There's 5 stages to making ice cream with the ICE-70. Yeah, I know that sounds like a lot! But in fact they're pretty simple:
- Freeze the bowl
- Make the ice cream mixture
- Churn and freeze the mixture in the ICE-70
- Transfer the ice cream to the freezer to firm up
- Clean the ICE-70
Stage 1: Freezing the Cuisinart ICE-70 bowl
So we already know that we have to chill the bowl in the freezer until the liquid gel inside the walls freezes solid. This will take between 12 and 24 hours. Overnight is usually the best way to do it first time, as it's unlikely to be disturbed (when you open the door the temp drops).
Before you put the bowl in the freezer, it's a good idea to cover the top with a layer of cling film, secured with an elastic band and then put the whole bowl in a plastic bag.
The cling film prevents any ice or water vapor that might spoil the ice cream getting in the bowl. And the plastic bag stops the bowl from getting any freezer burns.
The colder you can get the bowl, the faster the ICE-70 will work and the smoother your ice cream will be. So if you can adjust the temperature on your freezer, turn it down to the coldest setting. Then put the bowl in the coldest part of the freezer, which is usually at the back.
Don't remove the bowl from the freezer until your mixture is ready to be churned. Why? Because as soon as the bowl is out of the freezer it starts to warm up. And the warmer it gets, the slower it will freeze your mixture!
Stage 2: Making the ice cream mixture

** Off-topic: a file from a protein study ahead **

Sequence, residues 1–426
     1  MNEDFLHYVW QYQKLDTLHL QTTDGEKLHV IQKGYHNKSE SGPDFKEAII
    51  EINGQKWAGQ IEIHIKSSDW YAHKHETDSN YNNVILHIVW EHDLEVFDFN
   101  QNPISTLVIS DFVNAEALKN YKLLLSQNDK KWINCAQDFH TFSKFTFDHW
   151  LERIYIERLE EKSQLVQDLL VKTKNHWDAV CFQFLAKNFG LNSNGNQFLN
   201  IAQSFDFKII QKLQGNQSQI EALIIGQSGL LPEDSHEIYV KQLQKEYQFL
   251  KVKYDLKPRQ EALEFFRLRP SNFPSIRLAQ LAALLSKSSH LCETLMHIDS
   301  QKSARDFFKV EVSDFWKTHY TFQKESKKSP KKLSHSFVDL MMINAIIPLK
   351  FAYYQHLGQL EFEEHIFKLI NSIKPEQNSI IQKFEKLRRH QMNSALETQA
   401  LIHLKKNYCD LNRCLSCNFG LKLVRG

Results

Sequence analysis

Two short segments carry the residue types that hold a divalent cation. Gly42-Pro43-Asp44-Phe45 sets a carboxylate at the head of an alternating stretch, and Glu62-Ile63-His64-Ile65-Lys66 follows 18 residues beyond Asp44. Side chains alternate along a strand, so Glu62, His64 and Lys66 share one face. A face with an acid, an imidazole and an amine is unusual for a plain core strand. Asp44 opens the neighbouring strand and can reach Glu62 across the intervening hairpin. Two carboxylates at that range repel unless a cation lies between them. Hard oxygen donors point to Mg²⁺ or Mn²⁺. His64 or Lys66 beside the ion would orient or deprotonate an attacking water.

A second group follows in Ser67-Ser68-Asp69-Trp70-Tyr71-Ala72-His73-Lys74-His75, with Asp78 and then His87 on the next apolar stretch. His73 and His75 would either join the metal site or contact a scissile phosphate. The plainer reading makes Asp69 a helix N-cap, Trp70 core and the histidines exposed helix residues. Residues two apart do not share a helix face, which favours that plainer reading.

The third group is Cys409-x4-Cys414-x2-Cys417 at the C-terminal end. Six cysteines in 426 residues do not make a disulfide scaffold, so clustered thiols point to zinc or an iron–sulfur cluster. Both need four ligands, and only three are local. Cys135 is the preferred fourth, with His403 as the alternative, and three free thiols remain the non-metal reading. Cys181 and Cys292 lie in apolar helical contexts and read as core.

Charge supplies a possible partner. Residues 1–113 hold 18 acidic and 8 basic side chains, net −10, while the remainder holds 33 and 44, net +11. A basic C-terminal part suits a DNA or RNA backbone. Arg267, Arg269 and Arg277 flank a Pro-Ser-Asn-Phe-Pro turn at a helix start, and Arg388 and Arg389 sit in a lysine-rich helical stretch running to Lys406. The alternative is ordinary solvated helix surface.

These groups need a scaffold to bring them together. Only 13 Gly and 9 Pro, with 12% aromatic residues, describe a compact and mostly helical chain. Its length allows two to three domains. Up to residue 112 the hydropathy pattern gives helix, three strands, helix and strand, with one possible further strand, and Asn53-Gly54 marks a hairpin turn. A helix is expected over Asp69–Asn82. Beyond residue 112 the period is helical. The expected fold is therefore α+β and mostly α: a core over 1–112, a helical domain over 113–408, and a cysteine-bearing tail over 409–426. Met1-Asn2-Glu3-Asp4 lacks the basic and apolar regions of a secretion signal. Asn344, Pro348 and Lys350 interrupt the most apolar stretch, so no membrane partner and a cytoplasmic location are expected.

This is the most important part of making ice cream. By and large it's the recipe that will determine whether your ice cream is a smooth, creamy and full bodied success or an icy, watery and thin failure!
That's especially the case with this type of ice cream makers. They are so simple there's very little that can go wrong. As long as your recipe's good (and your freezer's working!).
Now it goes without saying that the best bit about owning your own ice cream maker is inventing your own recipes! But when you're starting out, I would urge caution...
You can't throw any old combination of milk, cream, sugar and who knows what else into the machine and expect it to pump out amazing ice cream. The recipes need to be balanced. And you won't know how to balance your own recipes until you have a bit of experience.
So I would recommend starting out with some tried and tested recipes. Either from books, from the internet or why not from the recipe booklet that comes with the Cuisinart ICE-70?
The booklet contains 38 recipes for ice cream, gelato, frozen yogurt, sorbet and even ice cream sandwiches and cakes! These recipes have been designed to work with the ICE-70, so I think they're a great place to start.
Then when you've got some experience and you've read a little more about the science of ice cream and how to balance your mixtures, then you can start getting crazy inventive!
So pick a good recipe and prepare your mixture. Once it's prepared, you'll need to chill it to around 4°C which luckily enough, should be the temperature of your fridge. Some recipes can be prepared with cold ingredients. And if they come straight from the fridge, you can probably make the recipe and stick the mixture straight in the machine.